Results were analyzed through frequency table using the Kruskal-Wallis, Mann-Whitney and ANOVA tests, with a significance level of 0.05. All statistical tests were performed using the GraphPad Prism program, version 4.0.



The age of caregivers ranged between 24 and 60 years (mean 37.5±8.7 years). They cared for 23 polyarticular JIA patients and 17 oligoarticular JIA patients. The mean time caring for the patient was 48.7±38.3 months. The demographic data for the caregivers can be found in Table 1.



As shown in Table 1, most caregivers were middle-aged female relatives, married, with little schooling.

The mean scores for each domain were: general strain, 1.75±0.6; isolation, 1.35±0.53; disappointment, 2.0±0.6; emotional involvement, 1.1±0.39; and strain caused by environmental barriers, 2.4±0.8. The highest burden levels were observed in the environmental category, followed by disappointment and general strain.

The mean overall score for each individual caregiver according to JIA type revealed that caregivers of polyarticular JIA patients are subject to more stress than caregivers of patients suffering from oligoarticular JIA (p = 0.0062; Mann-Whitney).

Analyzing the mean burden scores in terms of gender revealed that female caregivers were more stress-prone than male caregivers (p = 0.017; Mann-Whitney). However, males were underrepresented in the study (n = 5).

The following correlations were not significant: caregiver schooling and burden scores (p = 0.23, Kruskal-Wallis); JIA duration and caregiver burden score (p = 0.53; ANOVA); and employment (formal, informal, unemployment) and burden score (p = 0.073; Kruskal-Wallis).



The study of psychological stress in primary caregivers of JIA patients is a pioneering effort in Brazil. There are few studies in the literature on caregivers of children suffering from rheumatoid diseases.7-9 However, the number of studies focused on caregivers of patients with chronic diseases in general is increasing.10-12

The profile of the caregivers in this study is in accordance with previous studies, which show that 60-70% of them are middle-aged women.4 Our study found that women, as well as being more frequent caregivers of JIA patients, are subject to higher stress levels than men. A possible explanation for this finding is that women tend to accumulate roles in our society, which can include homemaking, family obligations and child-rearing, among others. However, our sample differs from most of the literature regarding employment status. Studies show that most caregivers are employed outside the home and have their own health problems,4 but only half (50%) of the caregivers in our sample work outside the home. This might be related to the fact that most of the patients whose caregivers were analyzed received care through the public health system. People who are dependent on free healthcare programs tend to have low income, and thus the present sample may not be representative of the general population.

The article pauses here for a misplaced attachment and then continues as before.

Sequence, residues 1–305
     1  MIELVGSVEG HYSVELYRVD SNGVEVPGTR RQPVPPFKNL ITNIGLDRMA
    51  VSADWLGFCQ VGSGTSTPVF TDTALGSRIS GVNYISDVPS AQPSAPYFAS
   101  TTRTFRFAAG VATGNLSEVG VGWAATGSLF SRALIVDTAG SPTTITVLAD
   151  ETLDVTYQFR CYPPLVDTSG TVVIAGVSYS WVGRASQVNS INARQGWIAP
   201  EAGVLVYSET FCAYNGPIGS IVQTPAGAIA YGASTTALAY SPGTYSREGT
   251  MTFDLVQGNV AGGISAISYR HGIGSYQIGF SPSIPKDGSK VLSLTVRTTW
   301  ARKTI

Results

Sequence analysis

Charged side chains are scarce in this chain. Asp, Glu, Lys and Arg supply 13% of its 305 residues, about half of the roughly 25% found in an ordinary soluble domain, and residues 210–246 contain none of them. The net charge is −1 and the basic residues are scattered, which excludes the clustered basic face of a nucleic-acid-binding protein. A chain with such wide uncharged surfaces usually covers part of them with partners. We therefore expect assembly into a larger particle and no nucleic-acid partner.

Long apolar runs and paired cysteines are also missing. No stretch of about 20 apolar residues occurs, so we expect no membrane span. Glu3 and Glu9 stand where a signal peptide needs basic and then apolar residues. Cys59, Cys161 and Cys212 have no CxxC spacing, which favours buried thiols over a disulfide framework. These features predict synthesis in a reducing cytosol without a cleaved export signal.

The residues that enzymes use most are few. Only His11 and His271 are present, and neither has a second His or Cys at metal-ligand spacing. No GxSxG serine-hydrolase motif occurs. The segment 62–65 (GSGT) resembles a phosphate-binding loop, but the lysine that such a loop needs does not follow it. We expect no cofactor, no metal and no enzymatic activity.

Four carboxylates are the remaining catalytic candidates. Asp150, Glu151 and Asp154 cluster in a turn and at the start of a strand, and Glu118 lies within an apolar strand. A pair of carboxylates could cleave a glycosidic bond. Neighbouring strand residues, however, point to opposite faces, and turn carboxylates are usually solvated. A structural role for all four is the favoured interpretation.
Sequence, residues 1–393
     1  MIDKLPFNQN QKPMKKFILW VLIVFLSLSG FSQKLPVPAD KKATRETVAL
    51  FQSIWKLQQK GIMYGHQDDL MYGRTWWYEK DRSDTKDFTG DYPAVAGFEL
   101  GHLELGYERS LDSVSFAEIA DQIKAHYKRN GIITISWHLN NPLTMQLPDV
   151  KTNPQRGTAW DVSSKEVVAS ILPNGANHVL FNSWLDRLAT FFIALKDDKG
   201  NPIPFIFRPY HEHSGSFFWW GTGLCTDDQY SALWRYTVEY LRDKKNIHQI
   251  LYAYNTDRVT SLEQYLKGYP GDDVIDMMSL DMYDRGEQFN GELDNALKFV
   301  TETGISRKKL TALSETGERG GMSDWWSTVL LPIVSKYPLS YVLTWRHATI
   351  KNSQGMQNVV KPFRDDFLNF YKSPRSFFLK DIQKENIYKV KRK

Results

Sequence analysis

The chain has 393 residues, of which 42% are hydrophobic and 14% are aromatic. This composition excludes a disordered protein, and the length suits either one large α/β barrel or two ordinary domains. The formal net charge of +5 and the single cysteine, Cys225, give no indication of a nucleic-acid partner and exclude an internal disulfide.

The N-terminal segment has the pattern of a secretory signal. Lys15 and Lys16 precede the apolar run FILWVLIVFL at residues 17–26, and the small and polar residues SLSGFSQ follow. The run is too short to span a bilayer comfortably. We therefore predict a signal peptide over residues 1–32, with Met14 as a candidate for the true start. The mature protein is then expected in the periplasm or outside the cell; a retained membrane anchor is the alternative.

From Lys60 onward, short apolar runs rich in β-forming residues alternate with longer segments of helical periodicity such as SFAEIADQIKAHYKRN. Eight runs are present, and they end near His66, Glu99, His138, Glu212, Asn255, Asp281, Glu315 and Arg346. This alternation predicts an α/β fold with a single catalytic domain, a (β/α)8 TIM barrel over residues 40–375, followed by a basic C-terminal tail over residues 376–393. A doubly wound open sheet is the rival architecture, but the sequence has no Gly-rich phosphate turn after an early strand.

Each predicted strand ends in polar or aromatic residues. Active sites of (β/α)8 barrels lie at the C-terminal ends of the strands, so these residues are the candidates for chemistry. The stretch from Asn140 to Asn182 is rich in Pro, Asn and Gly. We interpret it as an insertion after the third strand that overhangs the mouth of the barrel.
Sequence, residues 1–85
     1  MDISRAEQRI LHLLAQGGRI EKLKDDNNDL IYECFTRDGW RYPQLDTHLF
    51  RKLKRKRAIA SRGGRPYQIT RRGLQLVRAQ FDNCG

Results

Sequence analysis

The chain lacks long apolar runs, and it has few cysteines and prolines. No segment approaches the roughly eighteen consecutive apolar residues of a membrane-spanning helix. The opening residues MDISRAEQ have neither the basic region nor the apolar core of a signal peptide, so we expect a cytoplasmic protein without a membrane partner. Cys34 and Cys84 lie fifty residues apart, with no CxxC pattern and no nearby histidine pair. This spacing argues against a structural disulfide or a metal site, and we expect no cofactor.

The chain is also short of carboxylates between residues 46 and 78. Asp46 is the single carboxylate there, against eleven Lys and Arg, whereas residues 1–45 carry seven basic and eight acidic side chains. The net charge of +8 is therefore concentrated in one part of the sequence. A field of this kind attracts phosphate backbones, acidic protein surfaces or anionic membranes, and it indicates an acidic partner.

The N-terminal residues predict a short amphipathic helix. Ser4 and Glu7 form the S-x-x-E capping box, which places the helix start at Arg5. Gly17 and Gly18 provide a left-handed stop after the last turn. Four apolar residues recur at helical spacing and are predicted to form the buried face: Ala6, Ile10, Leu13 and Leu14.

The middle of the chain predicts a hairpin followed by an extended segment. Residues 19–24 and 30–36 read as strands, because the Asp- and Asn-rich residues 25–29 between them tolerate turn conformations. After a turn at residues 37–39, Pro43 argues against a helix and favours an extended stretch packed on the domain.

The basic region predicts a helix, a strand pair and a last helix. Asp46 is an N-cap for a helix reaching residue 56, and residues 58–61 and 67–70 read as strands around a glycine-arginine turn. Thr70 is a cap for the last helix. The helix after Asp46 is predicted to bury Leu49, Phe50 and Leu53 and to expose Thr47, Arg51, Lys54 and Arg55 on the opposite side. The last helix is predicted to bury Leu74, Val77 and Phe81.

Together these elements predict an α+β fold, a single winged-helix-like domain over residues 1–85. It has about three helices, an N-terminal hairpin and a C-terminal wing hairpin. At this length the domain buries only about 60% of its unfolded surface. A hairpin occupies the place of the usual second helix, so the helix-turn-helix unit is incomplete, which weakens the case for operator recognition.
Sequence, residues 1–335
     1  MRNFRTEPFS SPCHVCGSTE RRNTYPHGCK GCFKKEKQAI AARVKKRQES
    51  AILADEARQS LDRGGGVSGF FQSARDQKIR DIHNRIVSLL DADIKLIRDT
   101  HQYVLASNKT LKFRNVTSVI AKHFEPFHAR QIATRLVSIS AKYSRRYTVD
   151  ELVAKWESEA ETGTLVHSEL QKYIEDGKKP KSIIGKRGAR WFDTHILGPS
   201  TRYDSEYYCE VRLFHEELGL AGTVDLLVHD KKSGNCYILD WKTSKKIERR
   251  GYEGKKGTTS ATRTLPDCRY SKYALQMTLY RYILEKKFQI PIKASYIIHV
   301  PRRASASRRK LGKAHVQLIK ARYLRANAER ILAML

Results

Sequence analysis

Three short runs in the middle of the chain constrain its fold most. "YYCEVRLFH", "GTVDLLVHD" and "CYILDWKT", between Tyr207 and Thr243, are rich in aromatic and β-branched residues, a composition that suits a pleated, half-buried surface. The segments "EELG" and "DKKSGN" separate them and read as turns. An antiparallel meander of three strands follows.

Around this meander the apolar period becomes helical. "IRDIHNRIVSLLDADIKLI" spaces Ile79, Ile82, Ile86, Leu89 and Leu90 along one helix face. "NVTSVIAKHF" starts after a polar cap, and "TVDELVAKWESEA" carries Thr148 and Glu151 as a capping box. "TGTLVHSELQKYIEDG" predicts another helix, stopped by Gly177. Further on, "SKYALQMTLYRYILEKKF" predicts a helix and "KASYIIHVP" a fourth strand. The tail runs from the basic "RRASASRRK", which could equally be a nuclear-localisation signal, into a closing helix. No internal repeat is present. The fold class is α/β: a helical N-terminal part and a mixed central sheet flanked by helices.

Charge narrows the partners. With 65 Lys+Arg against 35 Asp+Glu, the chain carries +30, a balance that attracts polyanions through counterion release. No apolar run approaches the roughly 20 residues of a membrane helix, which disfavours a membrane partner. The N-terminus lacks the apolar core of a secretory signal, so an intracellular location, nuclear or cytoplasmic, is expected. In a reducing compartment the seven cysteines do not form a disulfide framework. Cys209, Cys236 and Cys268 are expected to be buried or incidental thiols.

The present results showing that caregivers of patients with polyarticular JIA are under higher stress levels differ from the findings of Buskila et al.,13 who studied 28 caregivers and found that mothers of patients with oligoarticular JIA are under more stress. Buskila et al. suggest new analyses, with larger sample sizes, to validate their claims. Since our study has a larger sample size, it suggests a possible bias in that study. Polyarticular JIA burdens caregivers more than other types of JIA because it leads to greater pain, disability and deformity for the child.

Unmarried caregivers presented higher stress levels than married caregivers. This aspect, which is possibly relevant in this situation, may be explained by division of labor and responsibilities within couples. However, due to the low number of single caregivers in the sample (n = 3), we suggest further research to validate this finding.

Hostile environments were identified as the main factor affecting psychological stress among caregivers of JIA patients. The environmental indicator had the highest scores in the CBS and was widely mentioned by interviewees. Several caregivers complained about the lack of infrastructure in their cities regarding healthcare; about drug shortages in the public healthcare system; and about architectural obstacles or barriers in public spaces. We suggest that special attention should be paid to this aspect, since it relates to issues of public health policy which can and should be remedied.

Recognizing the caregiver as a potential second order patient is crucial when caring for the JIA patient himself. This study shows that single female caregivers of polyarticular JIA patients are under the highest stress levels. Physicians should ensure that these particular caregivers receive extra emotional support. It is also crucial that society as a whole become more aware of how oppressive environments can affect the care of JIA patients, and act to improve this situation.



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Sarah Helouise Pereira dos Santos
Rua Paulina Ader, 412, Novo Mundo
CEP 81050-250 - Curitiba, PR - Brazil
Tel.: +55 (41) 3327.6103

Manuscript received Apr 05 2007, accepted for publication Jul 11 2007.



No conflicts of interest declared concerning the publication of this article.